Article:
On May 14, the Federal Trade Commission (FTC) explored "Technologiesfor Protecting Personal Information: The Consumer Experience" as partof a public workshop on role of technology for consumer privacyprotection.

During the workshop, the FTC considered consumer tools for managingthe collection and use of personal information. EPIC commented thatthe starting point for such a discussion is a clear understanding ofwhat is meant by privacy enhancing technologies (PETs). PETs aretechnologies or tools that eliminate or minimize the collection ofpersonally identifiable information. Individuals commonly use PETs inthe physical world. Cash, for instance, enables us to purchase itemsand services without transferring any personally identifiableinformation. Digital cash could function in a similar way.

After providing a number of examples of tools that genuinely advanceprivacy, EPIC noted several common characteristics to them. Forexample, all genuine PETs:

* limit the collection of personally identifiable information;
* enable commerce and communication;
* do not facilitate the collection of personal information;
* do not force Internet users to trade privacy for convenience; and * do not treat privacy as a business commodity.

These are all desirable characteristics that genuinely advance privacyand promote transactional activity in the online environment.

For more information on the workshop, see:

[5] EPIC Obtains ChoicePoint Documents in FOIA Suit

Documents obtained under a Freedom of Information Act (FOIA) lawsuitprovide more insight into how law enforcement and counterintelligenceagents are using private-sector databases to obtain personalinformation. Much of the material concerns ChoicePoint, one of thelargest data-vending firms. The documents were heavily redacted bythe FBI, which excised "ChoicePoint information," even when theinformation appeared in news stories collected by the agency.

An FBI memorandum titled "Guidance Regarding the Use of ChoicePointfor Foreign Intelligence Collection or Foreign CounterterrorismInvestigations" analyzes law enforcement use of ChoicePoint in thecontext of federal privacy laws and the Attorney General's Guidelines.
The memorandum rationalizes use of private-sector databases as the"least intrusive means" of collecting personal information andconcludes that ChoicePoint can be used for foreign intelligence andcounterintelligence investigations.

A presentation titled "The FBI's Public-Source Information ProgramFact Versus Fiction" highlights the agency's access to propertyrecords, professional licenses, news articles, driver and DMV records,
census records, and credit headers. It lists ChoicePoint, Westlaw,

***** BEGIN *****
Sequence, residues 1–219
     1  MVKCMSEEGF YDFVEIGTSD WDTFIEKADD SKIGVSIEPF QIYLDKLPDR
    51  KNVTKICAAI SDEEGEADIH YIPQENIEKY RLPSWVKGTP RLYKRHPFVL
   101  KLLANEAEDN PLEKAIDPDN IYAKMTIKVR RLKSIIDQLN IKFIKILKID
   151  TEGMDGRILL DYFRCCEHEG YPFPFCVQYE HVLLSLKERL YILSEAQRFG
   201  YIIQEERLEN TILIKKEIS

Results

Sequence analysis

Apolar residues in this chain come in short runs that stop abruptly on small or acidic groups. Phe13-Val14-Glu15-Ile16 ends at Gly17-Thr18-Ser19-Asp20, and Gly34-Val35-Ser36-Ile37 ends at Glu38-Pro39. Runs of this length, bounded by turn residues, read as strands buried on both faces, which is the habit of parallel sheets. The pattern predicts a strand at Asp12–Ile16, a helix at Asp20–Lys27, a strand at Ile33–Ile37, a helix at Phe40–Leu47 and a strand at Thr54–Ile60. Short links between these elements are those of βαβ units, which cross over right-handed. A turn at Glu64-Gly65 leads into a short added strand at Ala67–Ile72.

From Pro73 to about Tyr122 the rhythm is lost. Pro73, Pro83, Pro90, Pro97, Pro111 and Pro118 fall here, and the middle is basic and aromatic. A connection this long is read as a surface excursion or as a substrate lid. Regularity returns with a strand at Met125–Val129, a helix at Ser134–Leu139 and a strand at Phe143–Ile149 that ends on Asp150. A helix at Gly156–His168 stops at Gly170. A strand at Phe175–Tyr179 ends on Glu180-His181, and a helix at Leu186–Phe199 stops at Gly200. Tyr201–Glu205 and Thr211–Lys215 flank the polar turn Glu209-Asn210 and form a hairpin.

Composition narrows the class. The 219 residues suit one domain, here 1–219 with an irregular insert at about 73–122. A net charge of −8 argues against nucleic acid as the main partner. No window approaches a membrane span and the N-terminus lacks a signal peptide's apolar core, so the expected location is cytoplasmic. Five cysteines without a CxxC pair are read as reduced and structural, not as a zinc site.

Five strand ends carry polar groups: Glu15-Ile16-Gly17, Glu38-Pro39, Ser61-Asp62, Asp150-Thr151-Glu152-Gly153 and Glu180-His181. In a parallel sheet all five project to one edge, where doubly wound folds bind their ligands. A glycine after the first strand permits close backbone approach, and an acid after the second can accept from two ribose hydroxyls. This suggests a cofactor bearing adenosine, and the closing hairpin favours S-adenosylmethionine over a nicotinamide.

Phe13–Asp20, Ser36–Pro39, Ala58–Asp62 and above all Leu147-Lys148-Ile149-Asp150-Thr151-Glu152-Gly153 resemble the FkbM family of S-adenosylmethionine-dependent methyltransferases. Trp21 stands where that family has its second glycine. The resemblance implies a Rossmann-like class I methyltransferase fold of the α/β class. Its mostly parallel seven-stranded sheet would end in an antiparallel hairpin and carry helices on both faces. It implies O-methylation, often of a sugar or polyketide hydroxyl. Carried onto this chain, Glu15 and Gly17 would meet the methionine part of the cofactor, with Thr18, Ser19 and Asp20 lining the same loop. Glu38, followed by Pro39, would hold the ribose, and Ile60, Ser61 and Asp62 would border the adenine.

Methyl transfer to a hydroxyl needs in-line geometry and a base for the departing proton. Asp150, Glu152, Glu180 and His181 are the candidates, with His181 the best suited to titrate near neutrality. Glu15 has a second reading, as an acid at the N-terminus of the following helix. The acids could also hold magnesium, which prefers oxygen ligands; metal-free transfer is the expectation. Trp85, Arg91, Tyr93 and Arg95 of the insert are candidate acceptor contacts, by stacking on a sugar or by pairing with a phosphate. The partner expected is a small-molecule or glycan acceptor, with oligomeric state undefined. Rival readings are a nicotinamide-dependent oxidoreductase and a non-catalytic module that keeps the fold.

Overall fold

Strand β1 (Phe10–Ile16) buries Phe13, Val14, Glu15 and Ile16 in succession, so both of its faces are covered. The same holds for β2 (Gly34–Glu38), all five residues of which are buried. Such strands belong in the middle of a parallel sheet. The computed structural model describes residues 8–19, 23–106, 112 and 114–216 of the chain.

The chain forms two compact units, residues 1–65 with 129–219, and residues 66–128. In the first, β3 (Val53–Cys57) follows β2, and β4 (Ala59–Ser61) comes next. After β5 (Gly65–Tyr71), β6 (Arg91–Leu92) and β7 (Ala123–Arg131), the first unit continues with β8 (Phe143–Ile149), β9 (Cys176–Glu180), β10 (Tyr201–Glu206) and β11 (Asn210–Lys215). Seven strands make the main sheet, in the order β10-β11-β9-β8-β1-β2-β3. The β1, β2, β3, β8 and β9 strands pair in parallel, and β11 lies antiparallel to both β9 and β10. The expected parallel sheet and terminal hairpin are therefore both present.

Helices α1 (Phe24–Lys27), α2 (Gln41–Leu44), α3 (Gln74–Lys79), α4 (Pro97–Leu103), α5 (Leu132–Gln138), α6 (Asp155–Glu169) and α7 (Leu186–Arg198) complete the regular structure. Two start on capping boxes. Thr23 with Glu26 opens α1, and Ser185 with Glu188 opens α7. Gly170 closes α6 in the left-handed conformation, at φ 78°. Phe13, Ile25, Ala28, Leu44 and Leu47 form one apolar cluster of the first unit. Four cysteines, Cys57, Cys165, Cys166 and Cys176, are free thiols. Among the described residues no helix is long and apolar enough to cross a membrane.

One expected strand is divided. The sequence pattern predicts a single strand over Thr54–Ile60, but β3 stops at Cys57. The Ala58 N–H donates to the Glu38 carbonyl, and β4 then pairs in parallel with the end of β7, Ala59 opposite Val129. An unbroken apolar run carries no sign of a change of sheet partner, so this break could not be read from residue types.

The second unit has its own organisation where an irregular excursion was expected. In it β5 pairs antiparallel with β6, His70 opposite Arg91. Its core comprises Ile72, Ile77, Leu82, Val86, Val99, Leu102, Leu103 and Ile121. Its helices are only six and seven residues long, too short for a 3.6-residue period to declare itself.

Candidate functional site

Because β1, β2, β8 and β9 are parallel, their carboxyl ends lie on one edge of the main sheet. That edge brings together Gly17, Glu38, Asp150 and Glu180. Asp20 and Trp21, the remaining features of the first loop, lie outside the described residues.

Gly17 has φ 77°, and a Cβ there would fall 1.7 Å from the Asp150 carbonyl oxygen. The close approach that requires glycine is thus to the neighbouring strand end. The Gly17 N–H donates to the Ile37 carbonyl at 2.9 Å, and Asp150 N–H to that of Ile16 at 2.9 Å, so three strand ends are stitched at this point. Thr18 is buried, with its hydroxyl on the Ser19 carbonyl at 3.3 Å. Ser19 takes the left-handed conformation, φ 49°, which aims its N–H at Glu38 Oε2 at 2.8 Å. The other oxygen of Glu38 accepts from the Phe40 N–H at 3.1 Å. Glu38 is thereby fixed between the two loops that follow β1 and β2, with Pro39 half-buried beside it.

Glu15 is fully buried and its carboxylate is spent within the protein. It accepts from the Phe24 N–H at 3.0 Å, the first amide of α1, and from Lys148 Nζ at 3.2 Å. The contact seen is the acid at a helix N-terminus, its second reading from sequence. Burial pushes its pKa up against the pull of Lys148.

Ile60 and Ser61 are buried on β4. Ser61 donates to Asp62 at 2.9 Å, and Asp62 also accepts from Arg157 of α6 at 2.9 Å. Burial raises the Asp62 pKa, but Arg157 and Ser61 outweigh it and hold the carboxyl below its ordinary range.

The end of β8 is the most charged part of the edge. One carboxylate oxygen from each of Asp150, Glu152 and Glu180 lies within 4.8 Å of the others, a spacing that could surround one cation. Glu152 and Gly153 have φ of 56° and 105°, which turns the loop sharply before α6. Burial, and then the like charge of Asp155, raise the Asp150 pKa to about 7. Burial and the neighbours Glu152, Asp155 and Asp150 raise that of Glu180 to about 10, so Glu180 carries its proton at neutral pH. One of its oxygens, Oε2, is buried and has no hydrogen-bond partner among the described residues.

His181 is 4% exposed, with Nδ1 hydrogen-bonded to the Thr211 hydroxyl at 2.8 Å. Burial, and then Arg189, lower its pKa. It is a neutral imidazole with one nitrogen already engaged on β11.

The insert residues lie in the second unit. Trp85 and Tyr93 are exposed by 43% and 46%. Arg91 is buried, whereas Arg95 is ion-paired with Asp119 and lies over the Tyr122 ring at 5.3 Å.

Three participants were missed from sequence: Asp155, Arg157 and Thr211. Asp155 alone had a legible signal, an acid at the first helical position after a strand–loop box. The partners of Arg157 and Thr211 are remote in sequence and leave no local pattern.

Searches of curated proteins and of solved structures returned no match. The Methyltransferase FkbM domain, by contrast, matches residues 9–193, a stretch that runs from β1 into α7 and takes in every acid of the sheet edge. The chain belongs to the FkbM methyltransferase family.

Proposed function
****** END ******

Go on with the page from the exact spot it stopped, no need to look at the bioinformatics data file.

Lexis Nexis, Dun and Bradstreet, and credit reporting agencies assources for this information. Reliance on these databases hasincreased by 9600 percent since 1992, according to the presentation.
However, one unnamed credit reporting agency is no longer sellingcredit header information to law enforcement.

Unrelated documents filed in a federal lawsuit in the NorthernDistrict of Georgia indicate that ChoicePoint is constructing a"Central Biometric Authority." According to the complaint filed byInternational Biometric Group and ChoicePoint's answer, the centralbiometric authority is intended to perform "secure and standardizedacquisition, matching, and indexing of biometric data." Thisbiometrics database appears to be in development for ChoicePoint'sexpanding employee and volunteer background check services.

FBI Guidance on Use of ChoicePoint:

FBI Presentation on Public Source Information:

Complaint in International Biometric Group v. ChoicePoint:

Answer in International Biometric Group v. ChoicePoint:

[6] News in Brief

Microsoft Passport Flaw Discovered
A computer researcher in Pakistan found a new flaw in MicrosoftPassport that could expose personal information, including credit cardnumbers, for 200 million Internet users. In July and August 2001,
EPIC and a coalition of consumer advocacy groups filed detailedcomplaints with the Federal Trade Commission (FTC) concerning theprivacy risks associated with the Passport identification andauthentication system. The FTC found that Microsoft's representationsabout Passport constituted unfair and deceptive trade practices andsettled the action against Microsoft. The agreement requires thatMicrosoft establish a comprehensive information security program forPassport, and that it must not misrepresent its practices ofinformation collection and usage.

EPIC's Passport Page:

Senate Holds First Fair Credit Reporting Hearing
The Senate Banking Committee began the first of a series of hearingsto determine whether states should be able to enact laws that providegreater consumer protection than federal law. The hearing was heldbecause one portion of the Fair Credit Reporting Act relating topreemption of state laws will expire on January 1, 2004, thus pavingthe way for states to experiment with different approaches to creditlaw. The sole witness before the committee was Howard Beales,
Director of the FTC's Bureau of Consumer Protection. While the FTChas not taken a position on preemption, the agency did describe threeimportant ways in which credit reporting has changed. First, moretypes of businesses are using credit reports. Second, there is agreater reliance on prescreening, unsolicited offers of credit orinsurance that are targeted to certain individuals based on theircredit reports. Last, many businesses are now using credit reportsfor risk-based pricing for products and services.